Direct and indirect effects of island size and wave exposure on shoreline arthropod diversity

Strandmark, A.; Aggemyr, E.; Cousins, S.A.O.; Hambäck, P.A.

Journal of Biogeography 47(4): 968-977

2020


ISSN/ISBN: 0305-0270
Accession: 083158381

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Abstract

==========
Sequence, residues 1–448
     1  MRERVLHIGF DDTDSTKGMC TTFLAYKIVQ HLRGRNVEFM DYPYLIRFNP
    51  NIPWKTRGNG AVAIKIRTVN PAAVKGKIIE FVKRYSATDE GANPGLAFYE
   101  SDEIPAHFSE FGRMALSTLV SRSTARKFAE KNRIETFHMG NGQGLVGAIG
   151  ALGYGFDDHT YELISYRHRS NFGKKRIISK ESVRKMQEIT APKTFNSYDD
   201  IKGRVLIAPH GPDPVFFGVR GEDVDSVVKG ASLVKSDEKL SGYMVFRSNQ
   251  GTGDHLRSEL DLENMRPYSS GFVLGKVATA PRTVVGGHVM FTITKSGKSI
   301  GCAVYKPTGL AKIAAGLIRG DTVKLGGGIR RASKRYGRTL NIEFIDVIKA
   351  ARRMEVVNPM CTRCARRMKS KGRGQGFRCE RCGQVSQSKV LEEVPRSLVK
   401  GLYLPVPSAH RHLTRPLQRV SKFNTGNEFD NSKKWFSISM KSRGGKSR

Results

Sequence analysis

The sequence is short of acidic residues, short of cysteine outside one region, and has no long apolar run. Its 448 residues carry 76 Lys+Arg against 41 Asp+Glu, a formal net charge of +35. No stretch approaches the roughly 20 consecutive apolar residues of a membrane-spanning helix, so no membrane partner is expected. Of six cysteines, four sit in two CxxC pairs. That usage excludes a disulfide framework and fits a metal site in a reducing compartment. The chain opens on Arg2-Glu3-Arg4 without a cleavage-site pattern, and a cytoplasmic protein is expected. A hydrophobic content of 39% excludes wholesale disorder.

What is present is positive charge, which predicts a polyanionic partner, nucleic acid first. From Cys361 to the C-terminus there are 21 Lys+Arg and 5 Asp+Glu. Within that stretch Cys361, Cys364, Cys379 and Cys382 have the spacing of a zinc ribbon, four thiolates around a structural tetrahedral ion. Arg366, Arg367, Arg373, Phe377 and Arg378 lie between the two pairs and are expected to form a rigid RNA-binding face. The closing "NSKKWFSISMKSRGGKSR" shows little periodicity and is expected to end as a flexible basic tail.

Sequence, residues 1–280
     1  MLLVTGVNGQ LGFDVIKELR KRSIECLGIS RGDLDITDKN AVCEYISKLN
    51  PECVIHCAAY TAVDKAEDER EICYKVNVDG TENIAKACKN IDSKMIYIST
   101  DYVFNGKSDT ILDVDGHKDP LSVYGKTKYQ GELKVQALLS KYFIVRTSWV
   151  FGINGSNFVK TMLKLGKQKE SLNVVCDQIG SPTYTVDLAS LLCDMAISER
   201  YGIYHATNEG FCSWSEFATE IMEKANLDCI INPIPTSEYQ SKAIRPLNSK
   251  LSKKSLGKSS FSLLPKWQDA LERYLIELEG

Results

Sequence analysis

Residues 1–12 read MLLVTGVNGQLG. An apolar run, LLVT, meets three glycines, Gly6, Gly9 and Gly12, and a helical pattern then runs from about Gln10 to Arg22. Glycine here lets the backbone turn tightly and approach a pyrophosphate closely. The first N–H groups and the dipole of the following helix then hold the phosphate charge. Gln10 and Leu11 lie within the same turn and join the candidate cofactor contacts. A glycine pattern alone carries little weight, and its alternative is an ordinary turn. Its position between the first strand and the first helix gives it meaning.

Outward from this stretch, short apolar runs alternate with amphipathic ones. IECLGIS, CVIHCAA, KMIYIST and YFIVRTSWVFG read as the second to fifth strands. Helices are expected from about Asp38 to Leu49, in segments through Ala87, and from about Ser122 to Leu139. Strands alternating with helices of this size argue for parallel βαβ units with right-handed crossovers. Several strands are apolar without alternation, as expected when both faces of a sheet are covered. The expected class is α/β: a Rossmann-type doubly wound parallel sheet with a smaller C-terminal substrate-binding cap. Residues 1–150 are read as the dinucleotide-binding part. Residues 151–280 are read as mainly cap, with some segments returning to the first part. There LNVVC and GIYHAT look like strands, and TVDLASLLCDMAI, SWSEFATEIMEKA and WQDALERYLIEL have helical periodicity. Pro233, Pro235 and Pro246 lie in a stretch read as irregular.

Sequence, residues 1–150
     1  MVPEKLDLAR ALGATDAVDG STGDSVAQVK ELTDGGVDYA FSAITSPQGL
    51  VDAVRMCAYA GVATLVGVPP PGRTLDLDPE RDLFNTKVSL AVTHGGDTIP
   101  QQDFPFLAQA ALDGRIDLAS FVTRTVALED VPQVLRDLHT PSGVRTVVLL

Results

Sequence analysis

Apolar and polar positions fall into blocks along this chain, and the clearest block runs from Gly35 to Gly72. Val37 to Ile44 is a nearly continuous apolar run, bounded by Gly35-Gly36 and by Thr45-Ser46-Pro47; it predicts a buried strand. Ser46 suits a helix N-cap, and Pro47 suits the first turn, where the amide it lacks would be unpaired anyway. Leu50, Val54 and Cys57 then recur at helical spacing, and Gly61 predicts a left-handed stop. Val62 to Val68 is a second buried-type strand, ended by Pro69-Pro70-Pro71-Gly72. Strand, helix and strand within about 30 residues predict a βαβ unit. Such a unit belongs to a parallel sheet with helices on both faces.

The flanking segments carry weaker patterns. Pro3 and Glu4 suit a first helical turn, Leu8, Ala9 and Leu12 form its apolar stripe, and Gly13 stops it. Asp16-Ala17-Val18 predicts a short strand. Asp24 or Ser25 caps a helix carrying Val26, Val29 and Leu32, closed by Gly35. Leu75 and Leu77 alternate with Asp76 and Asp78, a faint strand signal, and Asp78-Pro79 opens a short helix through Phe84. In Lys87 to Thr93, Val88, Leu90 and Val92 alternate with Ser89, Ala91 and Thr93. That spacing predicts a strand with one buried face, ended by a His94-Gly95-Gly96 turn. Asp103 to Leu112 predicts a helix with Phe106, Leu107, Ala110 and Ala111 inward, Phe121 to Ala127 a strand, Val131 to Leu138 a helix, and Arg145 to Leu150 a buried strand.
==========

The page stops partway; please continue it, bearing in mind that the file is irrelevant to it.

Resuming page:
Aim Available theories suggest that the species number increases with island size, but the relationship between island size and species density, the number of species per unit area, is less understood. Moreover, mechanisms connecting island size and species density are not always evident because small and large islands differ in physical characteristics other than island size. The purpose here was to disentangle direct and indirect effects of island size and wave exposure on the species density of arthropods from herb-dominated shore habitats. Location Islands in the Stockholm Archipelago, Sweden. Taxon Spiders (Araneae) and beetles (Coleoptera). Methods We collected spiders and beetles on vegetated shores on islands of varying sizes, and used structural equation models to disentangle direct and indirect island size and wave exposure effects on species density. Results Island size affected diversity of web-building spiders, predatory beetles and other beetles (detritivores and omnivores), direct and indirectly. Indirect effects arose because large islands have more trees and steeper slopes than small islands, both of which affected species occurrence. Because height above the sea level reduces the effect of wave exposure, there were effects of these variables on the forest cover and on the diversity of web-building spiders. Finally, surrounding forest cover and diversity of flowering plants within sites increased diversity of herbivore beetles and cursorial spiders, likely because these sites provide more diverse resources. Main conclusions The result that predictors for species density vary between functional groups, with mechanisms that may or may not relate to island size, suggest potential developments in island biogeography theories. Future studies of island size effects should also attempt to quantify indirect effects, and not only total effects.